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She Finds Clues to Future Sustainability in Old Food Webs

By reconstructing prehistoric food webs and analyzing the diverse interactions of humans with other species, the ecologist Jennifer Dunne is developing a new understanding of sustainability through network science.

quantum physics

Quantum Machine Appears to Defy Universe’s Push for Disorder

One of the first quantum simulators has produced a puzzling phenomenon: a row of atoms that repeatedly pops back into place.

Art for "Karen Uhlenbeck, Uniter of Geometry and Analysis, Wins Abel Prize"
Abel Prize

Karen Uhlenbeck, Uniter of Geometry and Analysis, Wins Abel Prize

A founder of modern geometric analysis who produced “some of the most dramatic advances in mathematics in the last 40 years,” Uhlenbeck is the first woman to be awarded this top honor.

Art for "Mitochondria Direct the Fate of Stem Cells by Shape-Shifting"
developmental biology

Biologists Discover Unknown Powers in Mighty Mitochondria

Mitochondria are most famous as sources of metabolic energy. But by splitting and combining, they can also release chemical signals to regulate cell activities, including the generation of neurons.

Art for "Where Proof, Evidence and Imagination Intersect"
Quantized Academy

Where Proof, Evidence and Imagination Intersect

In mathematics, where proofs are everything, evidence is important too. But evidence is only as good as the model, and modeling can be dangerous business. So how much evidence is enough?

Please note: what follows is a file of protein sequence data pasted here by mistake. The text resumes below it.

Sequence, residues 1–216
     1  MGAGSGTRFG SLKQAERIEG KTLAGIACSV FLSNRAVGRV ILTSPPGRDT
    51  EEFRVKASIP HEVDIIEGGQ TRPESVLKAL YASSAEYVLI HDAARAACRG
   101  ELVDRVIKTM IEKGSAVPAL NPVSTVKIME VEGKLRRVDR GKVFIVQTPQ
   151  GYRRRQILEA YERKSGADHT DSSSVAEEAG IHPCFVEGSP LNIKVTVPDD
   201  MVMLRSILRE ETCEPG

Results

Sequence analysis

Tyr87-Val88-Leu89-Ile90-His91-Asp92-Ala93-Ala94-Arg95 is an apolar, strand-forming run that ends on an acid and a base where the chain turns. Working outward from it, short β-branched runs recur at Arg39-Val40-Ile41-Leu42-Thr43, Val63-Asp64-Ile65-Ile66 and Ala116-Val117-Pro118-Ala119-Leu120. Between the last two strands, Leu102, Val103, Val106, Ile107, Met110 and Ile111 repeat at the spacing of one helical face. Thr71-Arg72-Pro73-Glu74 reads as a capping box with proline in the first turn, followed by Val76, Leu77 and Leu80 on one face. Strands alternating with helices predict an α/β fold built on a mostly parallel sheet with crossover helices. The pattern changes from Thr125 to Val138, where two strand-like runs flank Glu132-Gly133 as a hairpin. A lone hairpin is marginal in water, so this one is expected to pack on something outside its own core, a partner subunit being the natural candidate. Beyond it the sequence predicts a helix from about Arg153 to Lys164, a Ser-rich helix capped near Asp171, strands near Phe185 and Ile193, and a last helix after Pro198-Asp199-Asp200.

Art for "The Math That Tells Cells What They Are"
mathematical biology

The Math That Tells Cells What They Are

During development, cells seem to decode their fate through optimal information processing, which could hint at a more general principle of life.


Math Duo Maps the Infinite Terrain of Minimal Surfaces

A pair of mathematicians has built on an obscure, 30-year-old mathematical theory to show that soap-filmlike minimal surfaces appear abundantly in a wide range of shapes.

machine learning

How Artificial Intelligence Is Changing Science

The latest AI algorithms are probing the evolution of galaxies, calculating quantum wave functions, discovering new chemical compounds and more. Is there anything that scientists do that can’t be automated?

Art for "Galaxy Simulations Offer a New Solution to the Fermi Paradox "
Abstractions blog

Galaxy Simulations Offer a New Solution to the Fermi Paradox

Astronomers claim in a new paper that star motions should make it easy for civilizations to spread across the galaxy, but still we might find ourselves alone.